crawls and humps and drags itself
along the muddy bottom, making
guttural sounds no human can imagine.
Haul it up into the light as the rusted
pulleys and frayed ropes creak and groan
with their burden—crates of skulls, broken
cars and bodies, sacks of stones, their
horrible tonnage, the lost and discarded, all
that we would rather forget: our angers
and fears, the lives we betrayed, the souls
we abandoned while we looked after
our own comfort and gain. Let’s see them all,
here in the open, unbound and pulsing
with that which was never extinguished,
which survives even death itself, brave
flicker at the black gate of our oblivion.
As Told by Three Rivers
Eight a.m., up too late the night before
learning the nose and throat, the bones
of the hand. Rounding a corner
on the seventh floor of Eye & Ear, the view
from the window takes you by surprise:
the city of Pittsburgh fanned out before you,
its verdant wedge of land softened
by the arms of three rivers, their names alone
like music—Monongahela, Allegheny, Ohio—
threading their slow eternal way home,
knowing. You think of Naipaul’s book, how
that distant mythic river in that distant
unnamed place reminds you somehow
of these three rivers meeting, the purpose
in their joined ambition as it should be,
how their journey tells the same story,
a story of becoming, of knowing one’s place
in the world. Standing there at the window
you see how everything that’s come before
has brought you here, how it all makes sense,
these three timeless rivers moving forward,
deliberate and without question, telling the story
of the life you have chosen, of the life
you could not help but choose.
The Choices Not Made
They breathe in the seam between
the stove and refrigerator, in the muck
and detritus of years of cooking meals.
They clamor in the corners of closets,
from between garment bags smelling
of mothballs and another year spent.
They call to you from under the bed,
nearly overcome by dirty socks
and abandoned newspapers. On fair days
they fairly scream at you from the kitchen sill,
where they’ve set up camp among
the potted plants and the spice mills.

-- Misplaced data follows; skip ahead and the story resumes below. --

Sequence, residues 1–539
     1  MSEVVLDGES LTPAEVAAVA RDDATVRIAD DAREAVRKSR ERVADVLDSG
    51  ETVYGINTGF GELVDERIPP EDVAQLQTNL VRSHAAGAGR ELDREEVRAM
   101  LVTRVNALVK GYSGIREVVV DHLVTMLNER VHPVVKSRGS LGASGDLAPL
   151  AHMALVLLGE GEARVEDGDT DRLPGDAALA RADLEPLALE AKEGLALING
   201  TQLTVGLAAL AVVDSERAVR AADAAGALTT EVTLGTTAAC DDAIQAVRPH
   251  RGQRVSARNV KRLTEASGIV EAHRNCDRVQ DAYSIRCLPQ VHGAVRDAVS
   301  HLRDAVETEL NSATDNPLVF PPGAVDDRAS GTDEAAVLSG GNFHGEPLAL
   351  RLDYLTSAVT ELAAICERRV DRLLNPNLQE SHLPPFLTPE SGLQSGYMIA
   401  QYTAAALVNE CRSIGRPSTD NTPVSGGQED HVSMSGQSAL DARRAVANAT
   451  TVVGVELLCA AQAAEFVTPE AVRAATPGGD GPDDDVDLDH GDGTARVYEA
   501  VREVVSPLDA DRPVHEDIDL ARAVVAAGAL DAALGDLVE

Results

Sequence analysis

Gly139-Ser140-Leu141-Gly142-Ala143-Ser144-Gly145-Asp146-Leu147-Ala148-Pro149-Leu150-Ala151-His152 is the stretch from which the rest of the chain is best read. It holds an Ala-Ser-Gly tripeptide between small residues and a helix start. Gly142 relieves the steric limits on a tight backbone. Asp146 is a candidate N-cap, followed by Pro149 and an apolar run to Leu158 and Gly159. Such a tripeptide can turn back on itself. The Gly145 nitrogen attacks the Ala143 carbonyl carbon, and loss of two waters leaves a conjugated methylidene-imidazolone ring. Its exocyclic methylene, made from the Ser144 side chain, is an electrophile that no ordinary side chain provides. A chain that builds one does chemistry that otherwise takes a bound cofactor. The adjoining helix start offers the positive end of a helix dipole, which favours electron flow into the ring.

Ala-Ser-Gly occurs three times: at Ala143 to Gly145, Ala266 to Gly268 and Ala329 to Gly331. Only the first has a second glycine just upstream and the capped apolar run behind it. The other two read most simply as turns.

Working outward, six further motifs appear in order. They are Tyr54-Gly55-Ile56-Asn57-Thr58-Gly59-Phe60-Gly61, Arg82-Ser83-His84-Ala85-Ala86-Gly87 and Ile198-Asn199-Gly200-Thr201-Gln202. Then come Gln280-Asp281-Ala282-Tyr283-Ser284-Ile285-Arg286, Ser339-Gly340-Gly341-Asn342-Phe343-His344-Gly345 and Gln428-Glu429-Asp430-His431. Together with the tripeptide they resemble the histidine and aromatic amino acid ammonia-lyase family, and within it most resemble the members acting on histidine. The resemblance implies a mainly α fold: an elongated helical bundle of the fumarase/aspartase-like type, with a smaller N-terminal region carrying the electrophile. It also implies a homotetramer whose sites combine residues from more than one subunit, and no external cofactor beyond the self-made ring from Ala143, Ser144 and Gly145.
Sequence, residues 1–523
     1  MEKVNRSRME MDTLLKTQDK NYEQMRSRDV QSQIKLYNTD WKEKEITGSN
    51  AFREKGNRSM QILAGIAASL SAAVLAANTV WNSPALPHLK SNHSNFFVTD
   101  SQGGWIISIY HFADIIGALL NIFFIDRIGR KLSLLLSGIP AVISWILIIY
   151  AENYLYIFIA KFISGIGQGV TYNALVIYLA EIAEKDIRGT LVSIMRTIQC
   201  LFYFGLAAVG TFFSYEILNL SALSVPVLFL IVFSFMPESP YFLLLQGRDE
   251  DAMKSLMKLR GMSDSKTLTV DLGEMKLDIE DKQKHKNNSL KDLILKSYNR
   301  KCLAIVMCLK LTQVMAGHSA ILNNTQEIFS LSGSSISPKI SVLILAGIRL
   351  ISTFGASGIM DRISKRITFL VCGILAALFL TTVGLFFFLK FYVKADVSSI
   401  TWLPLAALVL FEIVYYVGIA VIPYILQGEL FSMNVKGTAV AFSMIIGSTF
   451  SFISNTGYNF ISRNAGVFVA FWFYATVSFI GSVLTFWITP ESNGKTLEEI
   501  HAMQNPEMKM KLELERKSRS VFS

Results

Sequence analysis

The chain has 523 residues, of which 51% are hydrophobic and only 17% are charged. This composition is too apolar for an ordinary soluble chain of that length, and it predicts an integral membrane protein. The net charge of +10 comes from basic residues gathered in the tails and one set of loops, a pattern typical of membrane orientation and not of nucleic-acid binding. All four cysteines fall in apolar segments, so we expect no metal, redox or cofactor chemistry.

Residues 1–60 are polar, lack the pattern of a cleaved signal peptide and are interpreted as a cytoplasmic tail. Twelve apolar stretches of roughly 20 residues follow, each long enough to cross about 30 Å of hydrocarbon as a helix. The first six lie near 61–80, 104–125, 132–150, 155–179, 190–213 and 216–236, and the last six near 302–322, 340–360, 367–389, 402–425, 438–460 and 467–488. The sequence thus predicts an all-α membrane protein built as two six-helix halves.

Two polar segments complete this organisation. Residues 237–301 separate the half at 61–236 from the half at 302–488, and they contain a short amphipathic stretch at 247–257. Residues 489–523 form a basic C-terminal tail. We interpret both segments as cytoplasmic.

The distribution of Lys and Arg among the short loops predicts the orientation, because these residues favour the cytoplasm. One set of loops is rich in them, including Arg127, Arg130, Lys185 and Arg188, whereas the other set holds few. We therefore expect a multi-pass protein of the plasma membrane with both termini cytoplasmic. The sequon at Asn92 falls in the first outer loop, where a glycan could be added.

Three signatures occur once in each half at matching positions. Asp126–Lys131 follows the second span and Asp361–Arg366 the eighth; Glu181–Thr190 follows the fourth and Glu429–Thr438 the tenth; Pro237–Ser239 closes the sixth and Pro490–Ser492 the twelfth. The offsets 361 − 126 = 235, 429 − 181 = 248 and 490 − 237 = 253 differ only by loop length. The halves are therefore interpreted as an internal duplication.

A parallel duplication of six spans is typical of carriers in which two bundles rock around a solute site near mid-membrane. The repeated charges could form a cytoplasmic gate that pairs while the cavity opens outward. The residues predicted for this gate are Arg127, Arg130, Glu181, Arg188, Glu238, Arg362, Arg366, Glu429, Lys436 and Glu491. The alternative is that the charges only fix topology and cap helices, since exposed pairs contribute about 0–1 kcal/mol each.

Some night, late, nearly asleep in a chair,
you may feel a familiar pull—something,
you don’t know what—and then it passes
as you rouse yourself, move through rooms
turning out lights, trying to step lightly
so as not to wake the house,
and maybe they watch you from under
the stairs, and maybe they sing a little song,
soft and low, inaudible under the rasp
of windblown eucalyptus against the shingles,
and you pause there for a moment
as if you’ve just remembered something:
a scrap of melody, dusk light on the river,
a field you can almost picture but cannot name.
Grief Is Deep Green
In the season of roubai, nothing answers.
New leaves sprout along the sapling’s
wet branches, tiny wings of hope—
Two spades make a hole for planting.
We bury the roots with a poem folded twice
and ladle water over tamped earth.
The garden fills with rain and distances.
Perhaps this is how it ends—little ceremony,
the lost mother permitted to return home.
Grief is deep green and carries a sharp scent.
Memory and rain are like nothing that keeps.
She disappeared in the season of roubai.
Crows drift above the darkened temple,
their ragged cries and the falling off after—
It is the falling off that I want to hold on to,
yet the notes smear and fade, so I reach
for something that might choose to stay.
The missing are restless. They wander
between two worlds and belong to neither.
In the season of roubai, she does not answer.
How does it begin and where does it end?
What I mean to say is: There is
no fathomable point of entry—
What I mean to say is: she was of this world
and then was not.
About Mari L’Esperance
Mari L’Esperance was born in Kobe, Japan, to a Japanese mother and a French Canadian-American father and was raised in Southern California, Micronesia, and Japan. Her full-length collection The Darkened Temple was awarded a Prairie Schooner Book Prize in Poetry (2008 University of Nebraska Press). An earlier collection, Begin Here, was awarded a Sarasota Poetry Theatre Press Chapbook Prize. With Tomás Q. Morín, she’s edited the essay collection Coming Close: Forty Essays on Philip Levine (2013 Prairie Lights Books, an imprint of the University of Iowa Press).
L’Esperance’s poems and prose have appeared in Beloit Poetry Journal, Connotation Press: An Online Artifact, Many Mountains Moving, Poetry Kanto, Prairie Schooner, Salamander, Zocalo Public Square, The Prairie Schooner Book Prize Tenth Anniversary Reader, and elsewhere, and her poems have been nominated twice for a Pushcart Prize.
A graduate of the Creative Writing Program at New York University and a recipient of awards from the New York Times, New York University, Prairie Schooner, Hedgebrook, and Dorland Mountain Arts Colony, L’Esperance lives in Los Angeles.
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All poems © Mari L’Esperance. All Rights Reserved. These poems appear in The Darkened Temple (University of Nebraska Press, 2008) and were reprinted with permission from the author.